# Intrinsic Spin

## Main Question or Discussion Point

It is true that electrons don't actually "spin" on their own axes according to their intrinsic spin, but this trait is simply a mathematical entity, correct?

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tiny-tim
Homework Helper
Hi Dahaka14!

Either Feynman or Aitchison & Hey (I can't find the actual quote) point out that if you fire a beam of electrons with a particular spin at a disc that is free to spin, then the disc will spin … thereby proving that electrons really do have an angular momentum, and not just a "theoretical spin"!

pam
Electron spin is angular momentum without rotation of the electron.
This angular momentum can be imparted to other objects that spin.
The notion that objects have to rotate to have angular momentum is classical,
but not in relativistic QM.

Hans de Vries
Gold Member
It is true that electrons don't actually "spin" on their own axes according to their intrinsic spin, but this trait is simply a mathematical entity, correct?

The electron's wave function is considered to be a continuous distribution of charge
and spin. (Pauli-Weisskopf) Each point of the wave function is assigned a charge
density, a current density, but also an axial current density. (the spin)

So, each point of the wave function has a spin-density giving rise to a magnetic
moment density. The volume integral of the magnetic moment density gives the
total magnetic moment $\mu_e$.

Spin does represent an effective current cycling around the wave-function as
a whole. (for example, see Sakurai, Advanced QM, section 3-5, Gordon decomposition)

This is due to Stokes law and equivalent to what happens in a magnetic material:
The "little circular currents" inside the material cancel each other but at the edge
they do not and sum up to an effective electric current around the material as
a whole.

This effective current around the wave function is given by the curl of the spin density.
When this effective current is used to calculate the magnetic moment, then again
the integral over space leads to the magnetic moment $\mu_e$.

Regards, Hans

However, don't forget that the electron (in current physics) is a point particle, so it has no axis around which to spin. It's simply an inherent property that shows up in interactions with other quanta.

I did check the Einstein-de Hass effect, and it seemed convincing, but I found resources that continue to state that electron spin is not to be taken literally as with the classical analogue:
"The property called electron spin must be considered to be a quantum concept without detailed classical analogy...The term "electron spin" is not to be taken literally in the classical sense as a description of the origin of the magnetic moment described above. To be sure, a spinning sphere of charge can produce a magnetic moment, but the magnitude of the magnetic moment obtained above cannot be reasonably modeled by considering the electron as a spinning sphere."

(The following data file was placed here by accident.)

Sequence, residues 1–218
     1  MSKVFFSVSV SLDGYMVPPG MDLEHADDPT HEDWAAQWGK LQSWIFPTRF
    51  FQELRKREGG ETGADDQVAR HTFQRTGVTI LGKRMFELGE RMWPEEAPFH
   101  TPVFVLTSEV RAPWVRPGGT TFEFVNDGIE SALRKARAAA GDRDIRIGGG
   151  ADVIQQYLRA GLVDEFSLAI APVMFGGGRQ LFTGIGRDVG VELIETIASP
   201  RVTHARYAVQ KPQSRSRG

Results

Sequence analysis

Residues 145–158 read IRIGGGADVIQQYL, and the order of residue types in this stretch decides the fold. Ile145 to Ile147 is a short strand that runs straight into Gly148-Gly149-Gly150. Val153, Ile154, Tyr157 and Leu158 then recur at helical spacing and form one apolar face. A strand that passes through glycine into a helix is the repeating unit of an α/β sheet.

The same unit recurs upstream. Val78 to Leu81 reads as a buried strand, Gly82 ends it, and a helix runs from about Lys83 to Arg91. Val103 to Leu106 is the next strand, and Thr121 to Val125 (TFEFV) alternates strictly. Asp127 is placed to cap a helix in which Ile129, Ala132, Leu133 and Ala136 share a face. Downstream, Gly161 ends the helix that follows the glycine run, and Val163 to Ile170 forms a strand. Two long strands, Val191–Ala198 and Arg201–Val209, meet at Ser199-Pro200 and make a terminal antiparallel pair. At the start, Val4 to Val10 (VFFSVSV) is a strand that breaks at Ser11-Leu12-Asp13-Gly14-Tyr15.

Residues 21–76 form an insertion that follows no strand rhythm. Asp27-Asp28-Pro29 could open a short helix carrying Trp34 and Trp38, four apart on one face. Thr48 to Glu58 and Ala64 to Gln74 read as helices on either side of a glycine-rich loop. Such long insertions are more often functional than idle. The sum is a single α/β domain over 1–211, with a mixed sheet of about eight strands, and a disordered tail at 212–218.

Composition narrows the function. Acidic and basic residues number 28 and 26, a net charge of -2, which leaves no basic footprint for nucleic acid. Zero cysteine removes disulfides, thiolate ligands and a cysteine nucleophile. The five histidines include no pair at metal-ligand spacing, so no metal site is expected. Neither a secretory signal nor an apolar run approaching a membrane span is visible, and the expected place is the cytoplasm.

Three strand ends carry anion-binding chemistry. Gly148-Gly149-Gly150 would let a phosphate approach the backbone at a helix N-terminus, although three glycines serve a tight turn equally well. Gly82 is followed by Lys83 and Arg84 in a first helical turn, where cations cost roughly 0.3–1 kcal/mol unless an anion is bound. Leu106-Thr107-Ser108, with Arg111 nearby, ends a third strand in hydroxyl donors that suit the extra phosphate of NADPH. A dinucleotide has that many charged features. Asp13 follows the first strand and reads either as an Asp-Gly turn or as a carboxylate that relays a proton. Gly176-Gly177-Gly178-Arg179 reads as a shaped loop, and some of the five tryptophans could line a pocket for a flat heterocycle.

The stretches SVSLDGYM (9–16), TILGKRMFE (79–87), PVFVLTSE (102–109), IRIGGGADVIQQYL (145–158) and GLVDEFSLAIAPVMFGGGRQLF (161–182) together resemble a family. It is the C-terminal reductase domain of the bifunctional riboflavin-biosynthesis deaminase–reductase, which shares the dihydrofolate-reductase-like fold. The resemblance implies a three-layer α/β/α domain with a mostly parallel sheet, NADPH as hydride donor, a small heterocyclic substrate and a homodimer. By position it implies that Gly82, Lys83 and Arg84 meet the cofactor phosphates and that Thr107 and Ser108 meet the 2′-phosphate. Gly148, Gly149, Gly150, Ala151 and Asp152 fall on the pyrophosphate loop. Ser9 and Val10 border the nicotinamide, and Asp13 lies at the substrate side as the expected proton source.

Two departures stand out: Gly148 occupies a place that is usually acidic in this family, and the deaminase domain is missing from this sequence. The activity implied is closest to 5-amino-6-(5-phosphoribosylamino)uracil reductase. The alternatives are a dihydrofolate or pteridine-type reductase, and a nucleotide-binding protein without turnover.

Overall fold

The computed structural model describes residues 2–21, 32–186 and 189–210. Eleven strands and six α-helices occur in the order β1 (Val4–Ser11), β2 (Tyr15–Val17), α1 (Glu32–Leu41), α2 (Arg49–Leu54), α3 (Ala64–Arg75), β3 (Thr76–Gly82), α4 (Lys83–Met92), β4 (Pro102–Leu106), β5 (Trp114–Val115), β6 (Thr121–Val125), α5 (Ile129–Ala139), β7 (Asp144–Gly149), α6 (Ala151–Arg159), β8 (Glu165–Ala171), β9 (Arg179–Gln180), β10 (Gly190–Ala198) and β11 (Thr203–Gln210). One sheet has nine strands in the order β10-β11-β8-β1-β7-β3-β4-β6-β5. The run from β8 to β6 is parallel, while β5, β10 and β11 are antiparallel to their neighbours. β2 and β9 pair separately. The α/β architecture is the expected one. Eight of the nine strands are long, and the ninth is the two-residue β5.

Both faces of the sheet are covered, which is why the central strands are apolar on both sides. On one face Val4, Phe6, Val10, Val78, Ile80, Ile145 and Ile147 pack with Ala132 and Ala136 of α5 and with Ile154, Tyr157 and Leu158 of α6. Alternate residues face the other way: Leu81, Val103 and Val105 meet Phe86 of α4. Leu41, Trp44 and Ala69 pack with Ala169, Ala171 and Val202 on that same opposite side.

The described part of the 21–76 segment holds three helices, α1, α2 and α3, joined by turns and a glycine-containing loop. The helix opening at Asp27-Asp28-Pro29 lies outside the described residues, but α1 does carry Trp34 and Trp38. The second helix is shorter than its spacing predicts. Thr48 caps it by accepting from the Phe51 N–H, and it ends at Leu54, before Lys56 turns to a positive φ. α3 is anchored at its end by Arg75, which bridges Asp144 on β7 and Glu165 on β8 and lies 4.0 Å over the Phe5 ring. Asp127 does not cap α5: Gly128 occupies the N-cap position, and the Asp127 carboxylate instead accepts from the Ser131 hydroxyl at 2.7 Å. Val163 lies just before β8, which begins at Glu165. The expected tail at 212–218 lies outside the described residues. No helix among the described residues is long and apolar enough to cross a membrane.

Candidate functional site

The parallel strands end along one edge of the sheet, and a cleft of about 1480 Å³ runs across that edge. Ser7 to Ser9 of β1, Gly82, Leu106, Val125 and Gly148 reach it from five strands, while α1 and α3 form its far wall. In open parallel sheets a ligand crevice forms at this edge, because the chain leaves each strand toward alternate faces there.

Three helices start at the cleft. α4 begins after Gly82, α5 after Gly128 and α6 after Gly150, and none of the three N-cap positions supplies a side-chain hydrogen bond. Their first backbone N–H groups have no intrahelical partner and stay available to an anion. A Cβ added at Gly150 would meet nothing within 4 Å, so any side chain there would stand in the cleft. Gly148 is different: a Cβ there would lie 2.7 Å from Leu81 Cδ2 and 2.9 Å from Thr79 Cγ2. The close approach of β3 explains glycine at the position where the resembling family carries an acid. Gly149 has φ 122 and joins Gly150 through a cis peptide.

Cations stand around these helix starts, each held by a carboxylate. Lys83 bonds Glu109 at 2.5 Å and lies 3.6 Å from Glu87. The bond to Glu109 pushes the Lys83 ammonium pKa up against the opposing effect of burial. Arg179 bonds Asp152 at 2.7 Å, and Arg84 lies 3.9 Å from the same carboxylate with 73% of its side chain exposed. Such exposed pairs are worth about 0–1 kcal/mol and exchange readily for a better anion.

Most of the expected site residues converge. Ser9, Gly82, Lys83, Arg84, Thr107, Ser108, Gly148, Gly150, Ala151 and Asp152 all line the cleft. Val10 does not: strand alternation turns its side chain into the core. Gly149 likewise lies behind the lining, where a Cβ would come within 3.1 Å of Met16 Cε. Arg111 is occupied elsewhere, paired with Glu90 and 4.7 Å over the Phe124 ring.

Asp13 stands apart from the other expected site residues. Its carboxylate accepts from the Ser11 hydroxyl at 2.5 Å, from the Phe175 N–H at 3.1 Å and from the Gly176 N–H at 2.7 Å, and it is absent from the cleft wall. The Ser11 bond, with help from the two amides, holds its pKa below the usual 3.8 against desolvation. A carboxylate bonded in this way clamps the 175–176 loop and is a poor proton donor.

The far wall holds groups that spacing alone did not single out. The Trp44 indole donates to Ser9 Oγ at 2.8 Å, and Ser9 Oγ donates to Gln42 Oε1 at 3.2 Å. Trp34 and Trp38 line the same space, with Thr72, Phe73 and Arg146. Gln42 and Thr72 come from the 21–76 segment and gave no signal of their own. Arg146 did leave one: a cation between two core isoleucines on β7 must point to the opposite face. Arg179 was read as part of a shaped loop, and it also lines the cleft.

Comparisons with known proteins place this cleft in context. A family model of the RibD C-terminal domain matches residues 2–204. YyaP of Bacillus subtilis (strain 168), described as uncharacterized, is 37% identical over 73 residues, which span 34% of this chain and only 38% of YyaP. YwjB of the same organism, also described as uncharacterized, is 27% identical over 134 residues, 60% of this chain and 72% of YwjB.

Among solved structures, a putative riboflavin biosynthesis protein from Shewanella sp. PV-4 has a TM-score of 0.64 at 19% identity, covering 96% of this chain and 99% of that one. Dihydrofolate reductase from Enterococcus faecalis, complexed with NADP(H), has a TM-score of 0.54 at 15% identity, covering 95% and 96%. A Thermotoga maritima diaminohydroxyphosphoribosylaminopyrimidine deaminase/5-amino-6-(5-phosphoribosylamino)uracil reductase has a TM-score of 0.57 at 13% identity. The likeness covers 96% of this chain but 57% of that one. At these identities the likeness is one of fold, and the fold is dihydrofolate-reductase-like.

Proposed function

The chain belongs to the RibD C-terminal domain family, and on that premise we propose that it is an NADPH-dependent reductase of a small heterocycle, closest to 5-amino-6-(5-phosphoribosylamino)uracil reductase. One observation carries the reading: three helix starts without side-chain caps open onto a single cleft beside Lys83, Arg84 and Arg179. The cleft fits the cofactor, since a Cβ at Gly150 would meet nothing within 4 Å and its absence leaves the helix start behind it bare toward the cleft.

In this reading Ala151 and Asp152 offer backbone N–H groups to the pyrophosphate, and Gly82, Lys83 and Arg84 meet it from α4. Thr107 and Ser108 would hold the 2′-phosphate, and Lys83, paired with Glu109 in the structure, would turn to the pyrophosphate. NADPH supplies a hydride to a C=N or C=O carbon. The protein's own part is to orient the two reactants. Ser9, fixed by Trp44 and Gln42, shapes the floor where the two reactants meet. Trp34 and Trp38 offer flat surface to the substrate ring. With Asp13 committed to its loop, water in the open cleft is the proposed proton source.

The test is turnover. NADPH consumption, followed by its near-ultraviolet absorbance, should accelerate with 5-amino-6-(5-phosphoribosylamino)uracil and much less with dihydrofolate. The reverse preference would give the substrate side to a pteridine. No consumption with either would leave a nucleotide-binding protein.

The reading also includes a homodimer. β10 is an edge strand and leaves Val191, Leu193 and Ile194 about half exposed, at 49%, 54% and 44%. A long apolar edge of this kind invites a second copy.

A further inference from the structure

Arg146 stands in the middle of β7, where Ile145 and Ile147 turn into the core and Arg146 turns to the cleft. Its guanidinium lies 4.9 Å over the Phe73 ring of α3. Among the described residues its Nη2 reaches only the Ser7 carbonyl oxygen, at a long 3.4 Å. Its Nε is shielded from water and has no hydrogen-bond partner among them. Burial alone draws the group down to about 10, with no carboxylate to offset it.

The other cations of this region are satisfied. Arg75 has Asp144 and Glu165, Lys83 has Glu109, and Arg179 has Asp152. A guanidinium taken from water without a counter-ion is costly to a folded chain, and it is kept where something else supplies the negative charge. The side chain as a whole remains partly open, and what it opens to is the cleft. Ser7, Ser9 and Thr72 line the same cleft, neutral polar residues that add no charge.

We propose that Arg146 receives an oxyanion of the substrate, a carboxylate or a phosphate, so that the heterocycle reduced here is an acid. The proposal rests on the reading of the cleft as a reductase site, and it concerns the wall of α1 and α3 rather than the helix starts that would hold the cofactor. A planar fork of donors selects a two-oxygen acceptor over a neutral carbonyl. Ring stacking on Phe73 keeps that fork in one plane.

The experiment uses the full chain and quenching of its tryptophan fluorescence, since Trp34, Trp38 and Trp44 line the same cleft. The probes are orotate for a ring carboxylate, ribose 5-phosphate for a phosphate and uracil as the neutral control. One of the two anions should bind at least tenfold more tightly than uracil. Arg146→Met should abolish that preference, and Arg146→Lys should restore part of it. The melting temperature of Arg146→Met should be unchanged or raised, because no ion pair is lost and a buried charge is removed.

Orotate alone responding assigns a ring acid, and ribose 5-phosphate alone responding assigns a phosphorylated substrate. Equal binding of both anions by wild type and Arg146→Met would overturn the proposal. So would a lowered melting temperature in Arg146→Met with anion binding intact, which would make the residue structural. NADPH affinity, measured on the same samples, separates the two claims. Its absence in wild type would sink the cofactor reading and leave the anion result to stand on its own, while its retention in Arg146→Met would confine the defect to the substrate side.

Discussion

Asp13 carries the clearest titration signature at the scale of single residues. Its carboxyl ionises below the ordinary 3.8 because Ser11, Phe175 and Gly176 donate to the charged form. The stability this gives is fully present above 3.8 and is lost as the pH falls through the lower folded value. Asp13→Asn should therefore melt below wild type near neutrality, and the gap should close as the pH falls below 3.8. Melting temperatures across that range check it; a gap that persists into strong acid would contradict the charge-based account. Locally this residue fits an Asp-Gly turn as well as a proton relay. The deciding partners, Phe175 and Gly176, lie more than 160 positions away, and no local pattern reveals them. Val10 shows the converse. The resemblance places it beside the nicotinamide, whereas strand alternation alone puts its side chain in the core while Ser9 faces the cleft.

I got this from hyperphysics, but I can't have the URL because I haven't made 15 posts yet....

Hans de Vries
Gold Member
a spinning sphere of charge can produce a magnetic moment, but the magnitude of the magnetic moment obtained above cannot be reasonably modeled by considering the electron as a spinning sphere."

The magnetic moment can not be derived simply by "rotating" the charge density.
You would end up with speeds higher as the speed of light.

This doesn't mean there is a conflict with for instance Maxwell's laws. The charge we
measure is not the bare charge. It is screened by vacuum polarization effects where
the vacuum can contains equal amounts of negatively and positively charged virtual
particles. We don't know what the bare charge of the electron is, neither do we know
what exactly causes the magnetic moment, neutral particles can have a magnetic
moment as well. For instance a particle with a counter rotating antiparticle produces
a magnetic moment while being electrically neutral.

Regards, Hans

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Hans de Vries
Gold Member
However, don't forget that the electron (in current physics) is a point particle, so it has no axis around which to spin.

A "point particle" is more a way of saying that we do not observe a composite
structure for the electron in scattering experiments.

Strictly speaking, a point particle can not have an electric charge either since it would
lead to infinite energies and it can't have mass since a radius smaller as the Schwartz-
schild radius would result in a black hole.

For practical purposes, as for instance molecular modeling, one uses the distributed
charge and spin densities of the wave function and the electric and magnetic fields
they produce. The EM fields seen by other particles are then determined by integrating
over the entire wave function.

Regards, Hans

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I remember a post on this forum, about detection of rotation of a "perfect sphere": an object with perfect spherical symetry. We could not assign any direction to such object, so we could not define angular velocity as a time derivative of the angle between that direction and coordinate system.
But if the sphere would have mass and charge, then it would have both angular momentum and magnetic moment: just like electron. I think we could imagine electron as a very small charged ball with perfect spherical symmetry.

Hans de Vries